Bathing in my own attention, my breath, exercising the ‘coming back’ muscle whenever I get distracted, is what I call basic meditation. Every moment in this state is a moment of creative regeneration.
Why is it so hard to do what you know full well you need to do, exactly when you need to do it? I have the tendency to postpone what I need right now until some point in the future when I have done all the things that need doing — and my counselling practice fully supports my conviction that I’m not alone!
I am presently designing a series of Creative Regeneration workshops (starting in Glasgow, Scotland on Feb 4th). In this I am following the good old principle that if you want to learn something properly, teach it. Preparing to teach something is the best way there is of breaking down a subject into its component parts, or if that sounds too mechanical to you (as it does to me) of discerning the main points, the areas of real significance and power, within the whole. For someone who tends to get a sense of ‘everything at once’, it can be very valuable to hold a given subject down in time and space.
So, I am breaking down the main areas of what works for me in my own creative regeneration, in order to share the benefits, and with the intention of catalysing it for others. This makes me extremely aware of how little time I devote to properly practising what I preach. By ‘properly’ I mean not in snatches of time when it’s convenient or when I am particularly in the mood, but deliberately setting time aside. And this time seems to have more power to it, if it is purposefully taken before starting on all the things that ‘should’ be done, and/or before switching on any kind of screen. This doesn’t necessarily mean always in the morning, but it may mean in breaks before the next chunk of activity, rather than when I’m exhausted after it, as an afterthought.
So what actually are the practices that work for me? It always starts with meditation. For me, basic meditation means being my own attention, inhabiting it fully, dwelling in it, feeling it out. An easy way into this is paying attention to the breath, because it has to be there constantly, because in a sense it is life itself. When attention edges, or races away, or becomes absorbed in something else, be it an external stimulus or a thought or feeling or physical sensation or pain, bringing it back to awareness of the breath is like exercising a muscle — the meditation muscle. This skill of coming back, out of thoughts, out of feelings, is I would say among the number one life skills. Having that muscle honed in actual meditation practice makes everyday life so much less overwhelming.
Once settled in my attention, another aspect of regeneration I might use is focusing, becoming aware of the various senses that arise — not exactly thoughts, emotions or sensations, but a kind of composite gut-sense of my life right now, or some aspect of it which wants attention. Being with this felt sense, allowing it to develop, and to respond, can move situations along in ways I could simply never have thought of with my rational faculties.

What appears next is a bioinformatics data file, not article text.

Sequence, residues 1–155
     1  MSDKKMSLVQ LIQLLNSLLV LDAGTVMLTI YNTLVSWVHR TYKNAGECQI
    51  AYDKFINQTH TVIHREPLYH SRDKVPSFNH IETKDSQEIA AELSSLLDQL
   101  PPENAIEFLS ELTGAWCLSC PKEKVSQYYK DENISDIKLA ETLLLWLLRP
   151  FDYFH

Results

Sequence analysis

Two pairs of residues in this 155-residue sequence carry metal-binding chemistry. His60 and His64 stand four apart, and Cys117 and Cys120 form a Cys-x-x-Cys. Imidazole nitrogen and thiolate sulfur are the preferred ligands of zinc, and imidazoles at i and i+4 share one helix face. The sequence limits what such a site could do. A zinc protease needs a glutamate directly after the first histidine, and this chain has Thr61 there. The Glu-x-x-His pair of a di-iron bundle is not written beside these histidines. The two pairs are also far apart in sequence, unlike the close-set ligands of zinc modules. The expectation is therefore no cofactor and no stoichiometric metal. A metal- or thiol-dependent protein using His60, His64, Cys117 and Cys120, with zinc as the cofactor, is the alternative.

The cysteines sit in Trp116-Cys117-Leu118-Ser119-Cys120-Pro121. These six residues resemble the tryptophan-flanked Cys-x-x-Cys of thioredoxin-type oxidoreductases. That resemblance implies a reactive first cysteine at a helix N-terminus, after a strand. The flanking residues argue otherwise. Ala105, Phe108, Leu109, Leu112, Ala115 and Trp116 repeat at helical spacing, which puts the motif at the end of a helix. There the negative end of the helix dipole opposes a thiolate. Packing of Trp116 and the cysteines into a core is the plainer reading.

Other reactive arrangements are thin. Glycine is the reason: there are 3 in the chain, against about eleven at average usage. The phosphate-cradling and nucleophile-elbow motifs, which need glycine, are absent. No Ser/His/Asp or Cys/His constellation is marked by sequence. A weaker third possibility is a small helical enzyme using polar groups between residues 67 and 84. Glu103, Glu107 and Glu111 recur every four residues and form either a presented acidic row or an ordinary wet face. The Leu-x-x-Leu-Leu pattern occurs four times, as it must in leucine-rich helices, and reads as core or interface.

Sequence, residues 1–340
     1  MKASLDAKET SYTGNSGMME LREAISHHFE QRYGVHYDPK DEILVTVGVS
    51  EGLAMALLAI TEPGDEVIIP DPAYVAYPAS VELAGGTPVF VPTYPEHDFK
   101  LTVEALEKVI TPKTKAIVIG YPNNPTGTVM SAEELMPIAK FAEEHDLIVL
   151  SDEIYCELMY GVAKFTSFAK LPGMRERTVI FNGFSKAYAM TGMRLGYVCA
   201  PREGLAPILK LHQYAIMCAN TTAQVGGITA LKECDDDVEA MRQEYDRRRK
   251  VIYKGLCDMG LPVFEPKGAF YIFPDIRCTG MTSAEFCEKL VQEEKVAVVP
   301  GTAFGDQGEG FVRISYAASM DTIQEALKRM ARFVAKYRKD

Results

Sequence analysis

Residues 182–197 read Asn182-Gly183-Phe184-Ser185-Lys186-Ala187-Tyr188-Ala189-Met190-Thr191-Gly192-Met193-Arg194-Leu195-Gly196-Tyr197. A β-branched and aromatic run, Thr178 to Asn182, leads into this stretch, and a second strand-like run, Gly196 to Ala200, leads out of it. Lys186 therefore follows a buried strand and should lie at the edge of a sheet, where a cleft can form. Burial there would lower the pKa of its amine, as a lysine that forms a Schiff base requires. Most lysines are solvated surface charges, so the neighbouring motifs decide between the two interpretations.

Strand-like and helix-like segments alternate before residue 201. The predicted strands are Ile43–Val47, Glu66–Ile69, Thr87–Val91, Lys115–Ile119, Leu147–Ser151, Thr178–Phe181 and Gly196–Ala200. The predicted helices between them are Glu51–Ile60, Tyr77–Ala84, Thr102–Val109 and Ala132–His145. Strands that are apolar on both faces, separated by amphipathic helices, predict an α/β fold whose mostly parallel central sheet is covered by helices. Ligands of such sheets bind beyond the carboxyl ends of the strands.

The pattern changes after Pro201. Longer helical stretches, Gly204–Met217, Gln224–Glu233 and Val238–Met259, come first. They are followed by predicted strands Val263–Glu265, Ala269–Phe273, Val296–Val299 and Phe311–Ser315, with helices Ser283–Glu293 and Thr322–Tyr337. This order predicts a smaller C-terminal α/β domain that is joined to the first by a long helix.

Focusing is a creative process. It also involves finding words for what doesn’t really fit the normal everyday vocabulary — if it did, it wouldn’t be a felt sense, and we’d know exactly how to state it. Finding words which the body responds to, saying ‘yes — that’s it!’ starts a process well known to artists of all kinds. How else do you know the next line in a poem, the next brushstroke, or note? Writing these words down, letting them form in strings that have not been said before, this isn’t just a question of producing an end result but of extending, dwelling in, the process of living itself. Every moment spent there is regenerative.
Finally, there is art. Painting or drawing from this sense, asking what needs to be expressed, not worrying about it fitting or representing something or measuring up in any way, is fantastically interesting and also healing. The whole process is one of checking with what it is in us that responds — call it intuition, or the gut, or the felt sense, or spirit. We might not pay explicit attention to it as such, but that is ultimately how we decide what to do when making art.
Bathing in my own attention, my breath, as the foundation, refusing to be distracted for long, coming back to the breath, to the bathing, and from there moving into making words, making art, doing ‘on purpose’ what is in fact always happening in the process of living, underneath the distractions — this is what I call creative regeneration. I don’t do it ‘on purpose’ enough, but I have done enough of it to know how powerfully, concretely, and magically it works.
All clinical material on this site is peer reviewed by one or more clinical psychologists or other qualified mental health professionals. This specific article was originally published by Dr Greg Mulhauser, Managing Editor on .on and was last reviewed or updated by